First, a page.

The Western Australian State Government is to spend $5 million on a state-of-the-art robotic system that will be used to treat prostate cancer.
Known as the da Vinci system, the robot will be the first of its kind in a WA public hospital and will bring the state in line with other health jurisdictions that have a similar metropolitan population.
Set to be established at Fiona Stanley Hospital, the da Vinci system will provide urological procedures, focused on robotic-assisted prostatectomies, partial nephrectomies and radical nephrectomies.
It will also allow for 3D vision, magnification capabilities, and enhanced dexterity, so surgeons are able to manipulate and dissect areas where access is challenging or limited with the human hand.
Compared to traditional techniques, the da Vinci system will result in patients having faster recovery, reduced length of stay in hospital, and faster return to normal day activities.
It is also expected to deliver greater efficiencies due to improved surgical outcomes, and a lower likelihood of subsequent treatments.
While the new robotic surgical service will initially provide for patients within the South Metropolitan Health Service catchment, it is expected that the technology will be available for other WA patients where appropriate.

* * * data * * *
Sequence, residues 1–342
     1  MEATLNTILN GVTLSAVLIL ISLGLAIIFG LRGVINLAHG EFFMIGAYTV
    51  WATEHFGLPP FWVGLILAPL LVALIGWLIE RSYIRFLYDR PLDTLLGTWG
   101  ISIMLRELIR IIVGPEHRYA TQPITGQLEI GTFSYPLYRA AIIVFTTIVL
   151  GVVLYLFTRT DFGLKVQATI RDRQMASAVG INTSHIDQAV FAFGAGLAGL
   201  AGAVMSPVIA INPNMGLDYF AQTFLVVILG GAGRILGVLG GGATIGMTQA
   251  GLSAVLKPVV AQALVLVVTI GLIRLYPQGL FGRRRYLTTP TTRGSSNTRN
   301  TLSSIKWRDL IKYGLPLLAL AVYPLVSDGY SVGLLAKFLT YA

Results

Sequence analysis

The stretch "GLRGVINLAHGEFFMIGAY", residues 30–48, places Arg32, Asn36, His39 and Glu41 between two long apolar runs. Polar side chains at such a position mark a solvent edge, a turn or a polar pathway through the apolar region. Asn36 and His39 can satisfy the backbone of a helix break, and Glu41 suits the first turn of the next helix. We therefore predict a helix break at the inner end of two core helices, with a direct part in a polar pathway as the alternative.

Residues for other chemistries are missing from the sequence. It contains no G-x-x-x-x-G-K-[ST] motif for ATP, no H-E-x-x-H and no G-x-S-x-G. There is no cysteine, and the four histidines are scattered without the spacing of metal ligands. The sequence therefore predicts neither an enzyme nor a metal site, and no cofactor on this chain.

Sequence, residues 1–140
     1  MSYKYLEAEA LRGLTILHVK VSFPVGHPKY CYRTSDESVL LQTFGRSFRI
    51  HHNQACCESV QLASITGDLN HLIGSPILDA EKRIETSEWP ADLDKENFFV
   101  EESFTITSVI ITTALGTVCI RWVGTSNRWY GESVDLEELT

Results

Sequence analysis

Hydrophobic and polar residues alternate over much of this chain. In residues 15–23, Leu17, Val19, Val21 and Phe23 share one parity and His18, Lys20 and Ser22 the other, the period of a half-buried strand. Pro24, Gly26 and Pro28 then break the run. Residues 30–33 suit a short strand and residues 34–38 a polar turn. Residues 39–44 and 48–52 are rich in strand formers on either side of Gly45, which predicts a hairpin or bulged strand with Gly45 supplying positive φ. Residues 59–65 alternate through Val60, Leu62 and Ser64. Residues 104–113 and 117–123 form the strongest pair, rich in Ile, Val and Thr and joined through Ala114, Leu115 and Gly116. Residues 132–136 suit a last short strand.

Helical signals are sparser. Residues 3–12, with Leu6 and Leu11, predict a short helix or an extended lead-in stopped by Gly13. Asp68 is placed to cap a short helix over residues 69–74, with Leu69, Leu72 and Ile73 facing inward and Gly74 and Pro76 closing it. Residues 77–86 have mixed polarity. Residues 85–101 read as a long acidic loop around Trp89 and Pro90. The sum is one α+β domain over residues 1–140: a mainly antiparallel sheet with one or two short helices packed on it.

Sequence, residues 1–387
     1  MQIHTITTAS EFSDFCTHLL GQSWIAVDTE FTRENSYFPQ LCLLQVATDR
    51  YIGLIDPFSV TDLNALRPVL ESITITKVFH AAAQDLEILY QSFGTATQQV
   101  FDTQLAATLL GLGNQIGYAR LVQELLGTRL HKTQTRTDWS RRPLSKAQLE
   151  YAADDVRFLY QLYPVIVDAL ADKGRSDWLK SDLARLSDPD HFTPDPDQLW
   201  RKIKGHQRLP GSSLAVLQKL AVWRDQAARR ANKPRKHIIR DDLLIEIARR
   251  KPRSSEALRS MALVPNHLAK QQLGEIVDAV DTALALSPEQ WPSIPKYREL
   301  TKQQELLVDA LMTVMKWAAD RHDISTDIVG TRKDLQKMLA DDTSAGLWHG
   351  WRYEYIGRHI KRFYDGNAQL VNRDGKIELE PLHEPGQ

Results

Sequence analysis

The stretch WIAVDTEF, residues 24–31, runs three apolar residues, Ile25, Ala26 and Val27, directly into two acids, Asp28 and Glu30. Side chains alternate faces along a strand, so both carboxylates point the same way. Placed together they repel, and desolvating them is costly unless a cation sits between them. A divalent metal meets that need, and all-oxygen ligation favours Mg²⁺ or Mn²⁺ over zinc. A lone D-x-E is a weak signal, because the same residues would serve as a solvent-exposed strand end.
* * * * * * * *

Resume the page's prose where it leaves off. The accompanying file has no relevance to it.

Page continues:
WA Health Minister Roger Cook said: “We are committed to building a sustainable, world-class health system, and will drive innovation, integration and culture change, and establish ‘Centres of Excellence’ in robotic surgery and clinical innovation to ensure the WA health system will be able to attract and train expert clinicians.
“Our Future Health Research and Innovation Fund commits the government to establishing a $1 billion fund to drive medical research and innovation, including a cancer research plan for the next decade, an innovation hub at Royal Perth Hospital, and incentives for corporate and philanthropic contributions for health and medical research.
“Fiona Stanley Hospital has already employed a urology specialist who has undertaken additional national and international training to lead the robotic surgery program.”
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